Books That Caught Our Eye

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At Mailbox Monday we encourage participants to not only share the books they received, but to check out the books others have received.

Every Wednesday we will each share two books that caught our eye from that week’s Mailbox Monday.

We encourage you to share the books that caught your eye in the comments.

VICKI:

Pretty Baby by Mary Kubica @Rainy Days And Mondays

She sees the teenage girl on the train platform, standing in the pouring rain, clutching an infant in her arms. She boards a train and is whisked away. But she can’t get the girl out of her head…

Heidi Wood has always been a charitable woman: she works for a nonprofit, takes in stray cats. Still, her husband and daughter are horrified when Heidi returns home one day with a young woman named Willow and her four-month-old baby in tow. Disheveled and apparently homeless, this girl could be a criminal—or worse. But despite her family’s objections, Heidi invites Willow and the baby to take refuge in their home.

Heidi spends the next few days helping Willow get back on her feet, but as clues into Willow’s past begin to surface, Heidi is forced to decide how far she’s willing to go to help a stranger. What starts as an act of kindness quickly spirals into a story far more twisted than anyone could have anticipated.

I can understand wanting to help someone, but the way things are today, I can’t imagine taking a complete stranger into my home. The last sentence in the blurb hooked me.

The Fixer by Joseph Finder @Under My Apple Tree

When Rick Hoffman loses his job and apartment, his only option is to move back into—and renovate—the home of his miserable youth, now empty and in decay since his father’ stroke. But when he starts to pull it apart, he makes an electrifying discovery that will put his life in peril—and change everything he thought he knew about his father.

I love books about relationships, and want to find out what Rick discovers about his dad.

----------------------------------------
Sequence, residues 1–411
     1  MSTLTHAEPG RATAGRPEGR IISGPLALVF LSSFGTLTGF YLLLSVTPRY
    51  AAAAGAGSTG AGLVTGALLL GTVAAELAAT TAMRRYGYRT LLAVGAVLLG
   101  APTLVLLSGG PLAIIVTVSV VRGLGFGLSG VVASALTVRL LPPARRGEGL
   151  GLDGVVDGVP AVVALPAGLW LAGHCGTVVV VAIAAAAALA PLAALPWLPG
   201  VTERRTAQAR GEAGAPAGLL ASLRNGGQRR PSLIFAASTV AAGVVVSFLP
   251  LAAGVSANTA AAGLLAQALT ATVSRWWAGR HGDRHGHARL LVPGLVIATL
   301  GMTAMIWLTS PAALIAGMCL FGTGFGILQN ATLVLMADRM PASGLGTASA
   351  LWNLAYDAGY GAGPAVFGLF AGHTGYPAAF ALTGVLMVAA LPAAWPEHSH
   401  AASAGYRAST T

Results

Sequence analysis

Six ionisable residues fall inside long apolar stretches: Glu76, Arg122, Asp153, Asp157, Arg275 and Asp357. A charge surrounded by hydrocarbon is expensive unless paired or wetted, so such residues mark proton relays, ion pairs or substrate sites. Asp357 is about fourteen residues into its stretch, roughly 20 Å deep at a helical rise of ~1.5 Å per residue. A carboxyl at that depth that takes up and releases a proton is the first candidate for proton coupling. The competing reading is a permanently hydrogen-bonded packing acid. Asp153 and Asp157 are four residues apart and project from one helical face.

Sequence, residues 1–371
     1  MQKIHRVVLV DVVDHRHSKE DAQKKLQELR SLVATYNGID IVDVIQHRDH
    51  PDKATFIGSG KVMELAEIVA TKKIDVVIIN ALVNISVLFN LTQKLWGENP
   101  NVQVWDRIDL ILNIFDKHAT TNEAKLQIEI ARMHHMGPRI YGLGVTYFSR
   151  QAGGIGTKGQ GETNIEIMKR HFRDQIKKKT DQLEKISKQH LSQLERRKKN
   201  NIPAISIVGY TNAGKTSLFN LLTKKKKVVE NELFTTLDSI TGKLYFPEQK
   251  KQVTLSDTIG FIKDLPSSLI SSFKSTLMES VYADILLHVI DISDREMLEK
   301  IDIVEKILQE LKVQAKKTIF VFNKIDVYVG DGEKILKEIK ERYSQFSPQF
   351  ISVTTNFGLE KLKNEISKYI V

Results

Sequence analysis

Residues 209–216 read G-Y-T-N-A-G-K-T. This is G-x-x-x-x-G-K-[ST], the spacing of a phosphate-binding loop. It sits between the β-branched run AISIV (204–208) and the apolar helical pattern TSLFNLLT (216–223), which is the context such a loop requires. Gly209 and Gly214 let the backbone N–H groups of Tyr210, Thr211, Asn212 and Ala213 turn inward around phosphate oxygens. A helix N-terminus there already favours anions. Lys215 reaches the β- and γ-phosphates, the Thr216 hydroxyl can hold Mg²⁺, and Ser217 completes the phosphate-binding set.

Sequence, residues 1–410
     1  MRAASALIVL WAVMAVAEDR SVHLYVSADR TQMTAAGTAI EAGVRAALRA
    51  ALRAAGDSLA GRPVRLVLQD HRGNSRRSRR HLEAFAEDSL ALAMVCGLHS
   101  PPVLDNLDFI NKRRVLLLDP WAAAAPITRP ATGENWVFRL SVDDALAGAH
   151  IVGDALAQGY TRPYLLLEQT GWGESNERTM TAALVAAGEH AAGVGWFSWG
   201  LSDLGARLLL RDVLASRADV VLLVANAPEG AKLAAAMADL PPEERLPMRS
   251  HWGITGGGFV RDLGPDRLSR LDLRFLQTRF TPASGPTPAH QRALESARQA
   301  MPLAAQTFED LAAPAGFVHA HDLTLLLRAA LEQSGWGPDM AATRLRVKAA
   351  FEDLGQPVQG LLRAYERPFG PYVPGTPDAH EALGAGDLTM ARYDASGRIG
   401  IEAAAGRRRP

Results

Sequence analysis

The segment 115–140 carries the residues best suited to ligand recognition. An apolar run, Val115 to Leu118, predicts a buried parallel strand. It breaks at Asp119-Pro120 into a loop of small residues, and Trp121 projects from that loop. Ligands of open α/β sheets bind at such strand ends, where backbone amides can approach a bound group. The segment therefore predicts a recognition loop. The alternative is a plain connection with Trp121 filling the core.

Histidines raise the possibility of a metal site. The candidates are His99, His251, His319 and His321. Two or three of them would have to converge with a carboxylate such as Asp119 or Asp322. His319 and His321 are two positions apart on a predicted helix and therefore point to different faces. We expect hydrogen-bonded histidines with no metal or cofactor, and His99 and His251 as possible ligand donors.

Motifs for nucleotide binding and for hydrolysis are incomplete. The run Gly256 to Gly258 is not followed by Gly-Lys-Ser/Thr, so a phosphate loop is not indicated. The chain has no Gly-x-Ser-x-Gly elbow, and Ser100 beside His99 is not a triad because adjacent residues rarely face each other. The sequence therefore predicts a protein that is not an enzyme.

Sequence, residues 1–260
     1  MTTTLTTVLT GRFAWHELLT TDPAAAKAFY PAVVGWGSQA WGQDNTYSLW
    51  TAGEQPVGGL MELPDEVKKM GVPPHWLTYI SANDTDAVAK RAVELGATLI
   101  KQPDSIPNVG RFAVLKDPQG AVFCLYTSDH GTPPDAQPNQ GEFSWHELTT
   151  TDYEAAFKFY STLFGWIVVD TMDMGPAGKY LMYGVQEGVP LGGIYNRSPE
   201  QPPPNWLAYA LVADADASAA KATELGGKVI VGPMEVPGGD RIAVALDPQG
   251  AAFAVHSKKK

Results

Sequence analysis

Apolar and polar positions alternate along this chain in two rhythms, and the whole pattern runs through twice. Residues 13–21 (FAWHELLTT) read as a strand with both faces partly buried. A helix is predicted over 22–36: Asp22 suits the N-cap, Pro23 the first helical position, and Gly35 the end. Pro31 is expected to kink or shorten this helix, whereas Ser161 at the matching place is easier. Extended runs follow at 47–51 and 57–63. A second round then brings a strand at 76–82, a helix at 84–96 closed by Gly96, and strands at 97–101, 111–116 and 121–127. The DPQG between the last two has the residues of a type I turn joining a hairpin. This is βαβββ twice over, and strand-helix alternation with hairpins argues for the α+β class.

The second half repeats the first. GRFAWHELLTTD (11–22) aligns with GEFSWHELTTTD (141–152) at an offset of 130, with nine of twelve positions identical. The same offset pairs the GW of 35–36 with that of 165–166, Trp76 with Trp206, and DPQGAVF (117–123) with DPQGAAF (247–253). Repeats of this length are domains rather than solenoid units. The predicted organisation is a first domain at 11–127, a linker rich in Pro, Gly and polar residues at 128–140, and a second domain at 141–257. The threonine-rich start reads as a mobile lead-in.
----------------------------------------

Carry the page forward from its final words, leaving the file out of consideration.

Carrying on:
LESLIE:

The Little Paris Bookshop by Nina George @Sam Still Reading.

Monsieur Perdu calls himself a literary apothecary. From his floating bookstore in a barge on the Seine, he prescribes novels for the hardships of life. Using his intuitive feel for the exact book a reader needs, Perdu mends broken hearts and souls. The only person he can’t seem to heal through literature is himself; he’s still haunted by heartbreak after his great love disappeared. She left him with only a letter, which he has never opened.

After Perdu is finally tempted to read the letter, he hauls anchor and departs on a mission to the south of France, hoping to make peace with his loss and discover the end of the story. Joined by a bestselling but blocked author and a lovelorn Italian chef, Perdu travels along the country’s rivers, dispensing his wisdom and his books, showing that the literary world can take the human soul on a journey to heal itself.

It’s a book about bookstores and books!

Finders Keepers by Stephen King @Bakey’s Book Blog

“Wake up, genius.” So begins King’s instantly riveting story about a vengeful reader. The genius is John Rothstein, an iconic author who created a famous character, Jimmy Gold, but who hasn’t published a book for decades. Morris Bellamy is livid, not just because Rothstein has stopped providing books, but because the nonconformist Jimmy Gold has sold out for a career in advertising. Morris kills Rothstein and empties his safe of cash, yes, but the real treasure is a trove of notebooks containing at least one more Gold novel.